For the Tech baseball program, 2020 was a highly anticipated year. The team was coming off a stellar 2019 campaign marked by veteran leadership, ultimately leading to six players departing for the major leagues. The excitement generated by the team’s success was boosted when the Jackets enjoyed a new wave of freshman talent. Unfortunately, the newcomers were given a very limited time to display their talents as the COVID-19 pandemic brought all spring sports to an abrupt halt. However, despite the shortened season, three freshmen were given the honor of being named to the Freshman All-America team: Luke Compton (1B), Stephen Reid (OF/DH), and Dalton Smith (LHP) earned the nod as three of the nation’s top first-year performers. The trio has the distinction of being the most Jacket freshmen named to the team in one season since 1992, when Nomar Garciaparra, Brad Rigby, Michael Smith and Jay Payton were all selected.
Compton stepped into the role of starting first baseman following the departure of Tristin English, who was selected in the third round of the MLB draft by the Arizona Diamondbacks. Compton started all 16 games the Jackets played and spent most of his time batting cleanup. The switch-hitter finished second on the team in batting average, hitting an impressive .321 with 18 hits, four doubles, a triple, three home runs, and 12 RBIs. He also showed great patience at the plate, earning the squad’s third-most walks for an on-base percentage of .420.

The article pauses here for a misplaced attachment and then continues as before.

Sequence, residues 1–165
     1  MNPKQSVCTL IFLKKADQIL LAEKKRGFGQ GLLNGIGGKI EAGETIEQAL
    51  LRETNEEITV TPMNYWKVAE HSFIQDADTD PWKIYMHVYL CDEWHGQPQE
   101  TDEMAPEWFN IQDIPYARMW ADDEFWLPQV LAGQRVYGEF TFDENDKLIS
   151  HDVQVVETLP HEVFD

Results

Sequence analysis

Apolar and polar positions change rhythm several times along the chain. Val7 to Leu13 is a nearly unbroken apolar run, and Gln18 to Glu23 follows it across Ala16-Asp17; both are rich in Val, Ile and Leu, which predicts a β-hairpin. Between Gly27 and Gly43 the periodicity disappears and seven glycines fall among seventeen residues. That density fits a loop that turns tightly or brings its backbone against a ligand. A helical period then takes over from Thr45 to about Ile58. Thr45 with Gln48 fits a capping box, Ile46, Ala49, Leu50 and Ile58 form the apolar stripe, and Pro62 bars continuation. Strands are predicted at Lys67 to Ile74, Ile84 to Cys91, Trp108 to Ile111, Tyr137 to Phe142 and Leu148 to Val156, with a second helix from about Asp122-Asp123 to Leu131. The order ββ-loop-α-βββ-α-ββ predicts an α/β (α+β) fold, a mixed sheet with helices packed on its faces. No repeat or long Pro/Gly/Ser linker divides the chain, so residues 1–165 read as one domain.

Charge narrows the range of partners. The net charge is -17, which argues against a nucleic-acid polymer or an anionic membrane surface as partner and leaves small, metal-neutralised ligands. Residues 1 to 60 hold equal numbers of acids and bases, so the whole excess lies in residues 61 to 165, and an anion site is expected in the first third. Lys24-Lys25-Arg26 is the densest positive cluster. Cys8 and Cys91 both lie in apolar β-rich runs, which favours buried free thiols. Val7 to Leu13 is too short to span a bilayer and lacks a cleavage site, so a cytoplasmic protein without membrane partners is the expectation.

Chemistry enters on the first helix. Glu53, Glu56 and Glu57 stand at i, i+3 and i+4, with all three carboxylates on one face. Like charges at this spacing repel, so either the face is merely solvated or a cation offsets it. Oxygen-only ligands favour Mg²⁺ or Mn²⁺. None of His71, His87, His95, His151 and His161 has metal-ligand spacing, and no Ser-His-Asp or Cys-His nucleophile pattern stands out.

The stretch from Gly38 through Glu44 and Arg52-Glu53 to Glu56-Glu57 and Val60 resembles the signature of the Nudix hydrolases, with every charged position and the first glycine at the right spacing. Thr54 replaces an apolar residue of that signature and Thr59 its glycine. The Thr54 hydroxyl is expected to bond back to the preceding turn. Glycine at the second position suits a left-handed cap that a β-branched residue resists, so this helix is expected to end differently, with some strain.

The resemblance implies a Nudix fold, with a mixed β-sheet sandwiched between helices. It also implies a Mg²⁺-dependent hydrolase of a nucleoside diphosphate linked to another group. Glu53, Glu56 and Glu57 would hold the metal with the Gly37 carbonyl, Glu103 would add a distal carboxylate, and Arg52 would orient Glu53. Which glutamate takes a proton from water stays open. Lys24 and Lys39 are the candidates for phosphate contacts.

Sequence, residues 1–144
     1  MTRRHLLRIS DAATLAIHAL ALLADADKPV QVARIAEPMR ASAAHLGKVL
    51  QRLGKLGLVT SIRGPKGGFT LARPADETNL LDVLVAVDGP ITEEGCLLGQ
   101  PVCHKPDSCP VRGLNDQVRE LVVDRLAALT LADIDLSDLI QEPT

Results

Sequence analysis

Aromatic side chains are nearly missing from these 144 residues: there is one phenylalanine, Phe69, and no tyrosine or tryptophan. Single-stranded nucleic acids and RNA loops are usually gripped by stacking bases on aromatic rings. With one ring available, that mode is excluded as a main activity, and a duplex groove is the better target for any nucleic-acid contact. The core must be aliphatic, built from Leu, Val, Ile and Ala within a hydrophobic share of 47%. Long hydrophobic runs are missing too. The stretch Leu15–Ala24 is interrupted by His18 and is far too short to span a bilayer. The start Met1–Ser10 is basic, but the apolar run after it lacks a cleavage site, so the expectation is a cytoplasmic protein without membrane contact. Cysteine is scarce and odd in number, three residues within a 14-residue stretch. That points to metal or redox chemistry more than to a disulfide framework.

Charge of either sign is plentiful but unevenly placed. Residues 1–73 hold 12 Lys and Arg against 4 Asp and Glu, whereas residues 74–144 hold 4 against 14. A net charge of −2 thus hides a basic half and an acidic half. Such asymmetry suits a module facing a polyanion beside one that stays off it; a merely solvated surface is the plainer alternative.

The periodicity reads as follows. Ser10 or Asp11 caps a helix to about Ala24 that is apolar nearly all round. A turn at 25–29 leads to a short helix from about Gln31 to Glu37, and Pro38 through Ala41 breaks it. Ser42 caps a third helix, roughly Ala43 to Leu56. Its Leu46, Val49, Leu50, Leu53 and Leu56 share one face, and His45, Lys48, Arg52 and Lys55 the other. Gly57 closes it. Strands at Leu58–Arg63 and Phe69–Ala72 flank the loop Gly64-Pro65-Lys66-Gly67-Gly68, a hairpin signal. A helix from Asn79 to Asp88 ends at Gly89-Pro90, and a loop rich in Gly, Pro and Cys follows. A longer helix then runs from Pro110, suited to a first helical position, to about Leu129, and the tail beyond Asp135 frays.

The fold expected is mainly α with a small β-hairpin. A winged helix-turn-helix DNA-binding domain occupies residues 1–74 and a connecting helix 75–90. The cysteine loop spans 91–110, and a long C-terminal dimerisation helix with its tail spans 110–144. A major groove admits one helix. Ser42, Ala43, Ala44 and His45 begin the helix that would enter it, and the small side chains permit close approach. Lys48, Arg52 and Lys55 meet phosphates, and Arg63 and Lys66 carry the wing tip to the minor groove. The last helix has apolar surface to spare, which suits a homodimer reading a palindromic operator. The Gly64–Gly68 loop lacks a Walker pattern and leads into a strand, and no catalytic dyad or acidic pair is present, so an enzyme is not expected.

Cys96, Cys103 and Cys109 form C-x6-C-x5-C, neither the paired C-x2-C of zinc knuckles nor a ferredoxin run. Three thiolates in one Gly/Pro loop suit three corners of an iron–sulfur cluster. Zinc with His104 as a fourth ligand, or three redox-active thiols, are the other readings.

Reid started the season looking for playing time in a crowded Jacket outfield and got most of his playing time initially as the designated hitter against left-handed pitchers. However, his massive power soon won the favor of Coach Danny Hall, and the slugger quickly earned the full-time DH role, leading the team with five homers and a .636 slugging percentage in just 44 at-bats.
Smith had to quickly learn how to thrive under pressure during his freshman campaign. As a left-handed reliever, he was quickly asked to fill a vital role in the team’s bullpen and saw his fair share of tight contests throughout the season, including narrow victories on the road at Georgia Southern and over ACC nemesis Virginia Tech. The southpaw finished with an undefeated 3-0 record and posted a miniscule 1.46 ERA in 12.1 innings of work.
These players’ performances made it all the more unfortunate that the 2020 season was cut short, but also generated even more excitement for the promise that these young players have for the years to come. Although for some the honor may come with somewhat of an asterisk due to the shortened season, Tech fans know the promise that this team showed while they were on the field, and eagerly anticipate the team’s return in 2021.